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Certainly the isolated farm contributes greatly to the formation of the plot and the development of Mrs. Wright's character in the play Trifles. For, removed from town where she has sung in the choir and socialized with others, an alienated Mrs. Wright becomes repressed by an unfeeling husband and becomes lonely, finding joy only in the songs of her little canary until her husband kills it.
Now, if the setting were to change from a remote farm in Iowa to the busy metropolis of New York City, Mrs. Wright would clearly not be miles away from other people. However, it is yet possible to express the theme of alienation with such a different setting. For instance, Mrs. Wright's youth could have been spent in a small town where people knew one another, and where the townspeople were much the same nationality. If Mrs. Wright were to have married a man who is from a large metropolitan area such as New York City, as well as being of a different ethnicity from her, she could, then, easily feel estranged and be lonely despite being surrounded by people. For instance, if Mrs. Wright were of Irish descent and she married a Greek immigrant to the United States, she would find herself, perhaps, immersed in a neighborhood of Greeks whose food, customs, likes and dislikes, etc. are very different from those to which she has been accustomed, she would surely feel alienated. And, if her husband were to make no efforts to include her in his extended family and culture, leaving her home when he participates in a cultural ceremony or function, she would certainly be as bereft as on the Iowa farm, that Mrs. Hale calls "a lonesome place" where there are "years of nothing."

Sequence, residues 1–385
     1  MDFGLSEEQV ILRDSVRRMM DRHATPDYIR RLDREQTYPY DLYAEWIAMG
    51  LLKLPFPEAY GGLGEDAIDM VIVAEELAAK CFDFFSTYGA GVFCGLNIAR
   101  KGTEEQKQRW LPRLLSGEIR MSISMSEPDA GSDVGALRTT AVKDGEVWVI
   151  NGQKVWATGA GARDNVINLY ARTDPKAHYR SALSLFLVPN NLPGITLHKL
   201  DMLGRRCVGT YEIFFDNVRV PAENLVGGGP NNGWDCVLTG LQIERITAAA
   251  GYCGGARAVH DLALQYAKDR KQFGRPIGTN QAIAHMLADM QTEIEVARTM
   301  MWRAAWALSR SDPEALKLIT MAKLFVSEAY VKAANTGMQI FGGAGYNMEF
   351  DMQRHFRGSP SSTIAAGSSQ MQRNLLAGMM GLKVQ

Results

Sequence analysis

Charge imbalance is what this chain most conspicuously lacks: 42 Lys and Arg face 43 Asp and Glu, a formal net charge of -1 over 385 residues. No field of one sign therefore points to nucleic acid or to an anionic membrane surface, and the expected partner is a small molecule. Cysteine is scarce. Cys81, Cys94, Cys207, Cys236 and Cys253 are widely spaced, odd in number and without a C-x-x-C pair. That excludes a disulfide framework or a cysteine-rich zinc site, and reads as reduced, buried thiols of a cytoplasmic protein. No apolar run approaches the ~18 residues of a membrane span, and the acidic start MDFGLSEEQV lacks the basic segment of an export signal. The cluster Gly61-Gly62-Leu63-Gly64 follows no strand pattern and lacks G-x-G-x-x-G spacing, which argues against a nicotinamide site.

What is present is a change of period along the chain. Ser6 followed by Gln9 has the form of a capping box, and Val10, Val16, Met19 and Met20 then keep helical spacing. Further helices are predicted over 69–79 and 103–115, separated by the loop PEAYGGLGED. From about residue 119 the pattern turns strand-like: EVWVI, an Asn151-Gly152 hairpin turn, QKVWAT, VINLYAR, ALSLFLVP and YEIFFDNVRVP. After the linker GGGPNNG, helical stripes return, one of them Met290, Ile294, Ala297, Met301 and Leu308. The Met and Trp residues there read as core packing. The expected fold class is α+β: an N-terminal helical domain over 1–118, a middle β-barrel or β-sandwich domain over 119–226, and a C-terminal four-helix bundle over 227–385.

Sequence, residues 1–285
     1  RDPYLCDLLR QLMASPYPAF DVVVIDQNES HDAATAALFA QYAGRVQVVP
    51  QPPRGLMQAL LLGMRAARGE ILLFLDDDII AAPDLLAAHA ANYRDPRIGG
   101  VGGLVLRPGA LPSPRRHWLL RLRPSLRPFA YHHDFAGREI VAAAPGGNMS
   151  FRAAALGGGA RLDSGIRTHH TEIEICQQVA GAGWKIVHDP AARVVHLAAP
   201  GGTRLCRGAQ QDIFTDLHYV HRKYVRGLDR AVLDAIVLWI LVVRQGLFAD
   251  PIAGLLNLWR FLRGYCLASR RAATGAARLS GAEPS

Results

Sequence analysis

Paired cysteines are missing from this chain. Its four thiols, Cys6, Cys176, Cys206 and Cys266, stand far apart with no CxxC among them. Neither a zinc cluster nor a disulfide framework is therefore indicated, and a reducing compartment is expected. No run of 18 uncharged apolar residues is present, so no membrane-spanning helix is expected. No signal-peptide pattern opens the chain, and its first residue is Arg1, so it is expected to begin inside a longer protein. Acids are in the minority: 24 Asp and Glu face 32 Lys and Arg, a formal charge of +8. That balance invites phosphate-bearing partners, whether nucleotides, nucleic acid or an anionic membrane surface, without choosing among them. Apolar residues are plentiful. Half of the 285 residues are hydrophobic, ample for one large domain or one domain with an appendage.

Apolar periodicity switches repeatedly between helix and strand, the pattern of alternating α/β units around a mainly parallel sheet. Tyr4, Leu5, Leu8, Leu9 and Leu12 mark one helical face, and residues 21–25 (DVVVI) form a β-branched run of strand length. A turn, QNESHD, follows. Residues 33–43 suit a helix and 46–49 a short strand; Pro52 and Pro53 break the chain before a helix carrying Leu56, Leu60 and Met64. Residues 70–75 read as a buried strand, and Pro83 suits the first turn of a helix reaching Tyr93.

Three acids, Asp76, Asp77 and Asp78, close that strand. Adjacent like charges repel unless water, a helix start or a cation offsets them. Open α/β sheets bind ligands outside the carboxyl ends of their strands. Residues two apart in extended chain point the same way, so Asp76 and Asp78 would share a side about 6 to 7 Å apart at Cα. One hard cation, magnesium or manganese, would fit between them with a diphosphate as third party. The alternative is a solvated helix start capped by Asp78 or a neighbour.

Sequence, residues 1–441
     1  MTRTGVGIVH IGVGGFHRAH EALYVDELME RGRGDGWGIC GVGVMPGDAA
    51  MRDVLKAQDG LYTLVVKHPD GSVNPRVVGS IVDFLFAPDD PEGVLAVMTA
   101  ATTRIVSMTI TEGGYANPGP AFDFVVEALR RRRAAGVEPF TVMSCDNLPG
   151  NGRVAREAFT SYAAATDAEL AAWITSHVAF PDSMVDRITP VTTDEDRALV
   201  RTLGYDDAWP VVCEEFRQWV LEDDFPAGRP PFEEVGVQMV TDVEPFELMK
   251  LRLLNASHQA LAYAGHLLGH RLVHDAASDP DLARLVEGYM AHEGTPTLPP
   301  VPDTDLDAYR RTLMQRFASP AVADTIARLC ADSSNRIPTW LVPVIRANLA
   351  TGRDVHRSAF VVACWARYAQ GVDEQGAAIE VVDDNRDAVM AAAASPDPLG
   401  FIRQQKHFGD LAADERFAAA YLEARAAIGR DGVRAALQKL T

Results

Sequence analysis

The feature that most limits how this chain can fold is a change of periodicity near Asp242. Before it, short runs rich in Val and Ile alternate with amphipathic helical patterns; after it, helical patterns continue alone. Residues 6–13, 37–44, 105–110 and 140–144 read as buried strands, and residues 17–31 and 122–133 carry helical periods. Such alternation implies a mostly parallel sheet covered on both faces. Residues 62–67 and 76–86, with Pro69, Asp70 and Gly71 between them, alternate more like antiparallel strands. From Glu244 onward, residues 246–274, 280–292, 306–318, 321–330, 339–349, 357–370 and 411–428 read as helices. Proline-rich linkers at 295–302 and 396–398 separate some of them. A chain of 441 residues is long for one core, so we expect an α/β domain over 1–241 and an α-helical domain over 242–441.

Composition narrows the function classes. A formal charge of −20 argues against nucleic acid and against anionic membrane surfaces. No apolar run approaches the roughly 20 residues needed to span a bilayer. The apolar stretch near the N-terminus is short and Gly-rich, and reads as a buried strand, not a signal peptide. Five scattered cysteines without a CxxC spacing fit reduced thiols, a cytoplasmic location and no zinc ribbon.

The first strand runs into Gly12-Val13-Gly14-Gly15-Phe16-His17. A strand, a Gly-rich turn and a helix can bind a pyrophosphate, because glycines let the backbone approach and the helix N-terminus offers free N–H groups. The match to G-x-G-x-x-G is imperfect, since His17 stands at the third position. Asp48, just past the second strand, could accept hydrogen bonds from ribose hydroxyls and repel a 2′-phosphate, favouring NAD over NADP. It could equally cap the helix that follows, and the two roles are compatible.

Mrs. Hale expresses this truth that a person can experience aloneness, or "stillness" as Mrs. Peters terms it, anywhere when she declares,
We all go through the same things--it's all just a different kind of the same thing.
Living with a taciturn man with nowhere to find companionship can be a situation that a woman experiences in a city as well as on a farm.
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